Bulletin, August/September 2006

Selling Information Architecture: Getting Executives to Say "Yes"

by Samantha Starmer

Samantha Starmer has a masterís degree in library and information science from the University of Washington and is an information architect at Microsoft. She can be reached at Samantha Starmer<at>Microsoft.com

Selling = Yuck?
Does the word salesman seem as repugnant to you as it often does to me? The funny thing is that I recently realized that I was actually selling all of the time Ė selling my ideas, selling my perspective, selling my friends on the plan to get pizza instead of enchiladas. Selling doesnít just involve money. Even for used car salesmen, selling involves a lot of psychology, sociology and personal dynamics before they get to the money transaction. Many of us would say that one of the things we like most about a job is working with smart people and enjoying other peopleís diverse perspectives. Selling is just understanding other peopleís perspectives and helping them understand how your perspective can be beneficial.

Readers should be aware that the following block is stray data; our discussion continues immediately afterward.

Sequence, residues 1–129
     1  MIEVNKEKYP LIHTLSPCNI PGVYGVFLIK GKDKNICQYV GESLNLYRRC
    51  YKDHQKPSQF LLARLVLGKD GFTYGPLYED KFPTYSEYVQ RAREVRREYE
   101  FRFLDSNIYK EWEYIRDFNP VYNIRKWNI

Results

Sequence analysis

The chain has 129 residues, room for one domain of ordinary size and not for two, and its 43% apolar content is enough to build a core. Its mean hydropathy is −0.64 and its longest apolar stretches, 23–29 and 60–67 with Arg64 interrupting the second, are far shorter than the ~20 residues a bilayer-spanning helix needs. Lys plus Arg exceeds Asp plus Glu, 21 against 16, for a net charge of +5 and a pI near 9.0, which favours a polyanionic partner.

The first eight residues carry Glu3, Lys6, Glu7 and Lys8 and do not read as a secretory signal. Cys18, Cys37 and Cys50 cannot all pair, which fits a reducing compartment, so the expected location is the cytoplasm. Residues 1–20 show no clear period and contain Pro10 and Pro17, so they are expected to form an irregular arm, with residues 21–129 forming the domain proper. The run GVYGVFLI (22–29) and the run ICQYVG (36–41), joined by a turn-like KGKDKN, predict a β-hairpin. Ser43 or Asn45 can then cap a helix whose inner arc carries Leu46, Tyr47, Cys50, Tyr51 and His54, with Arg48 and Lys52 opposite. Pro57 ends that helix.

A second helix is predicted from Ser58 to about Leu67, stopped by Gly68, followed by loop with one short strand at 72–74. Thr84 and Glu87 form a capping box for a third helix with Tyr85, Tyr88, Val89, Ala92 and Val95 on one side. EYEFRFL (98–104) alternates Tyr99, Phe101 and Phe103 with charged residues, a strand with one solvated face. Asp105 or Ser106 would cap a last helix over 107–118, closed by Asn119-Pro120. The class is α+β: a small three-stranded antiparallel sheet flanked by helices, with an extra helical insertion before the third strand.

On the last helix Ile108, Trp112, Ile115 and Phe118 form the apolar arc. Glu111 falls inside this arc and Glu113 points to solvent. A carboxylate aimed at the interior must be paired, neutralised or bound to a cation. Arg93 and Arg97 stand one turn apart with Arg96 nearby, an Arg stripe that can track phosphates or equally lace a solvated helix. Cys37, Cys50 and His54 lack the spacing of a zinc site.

If you work in the IA discipline, at some point you will need to think about selling. If you are a freelance information architect, you need to sell the value of IA and your specific work on a regular basis in order to get work. If you work for an agency, you may participate in business development meetings where you try to convince clients to hire you for IA-focused projects. If you are internal to a company, you may need to sell the value of IA within your own group in order to extend your staff or to be involved on the projects that should receive IA guidance. Many of us are already selling IA every day without realizing it. The following tips on selling information architecture can be adapted to any kind of persuasion you may need to do in your job.

Top Five Recommendations to Sell IA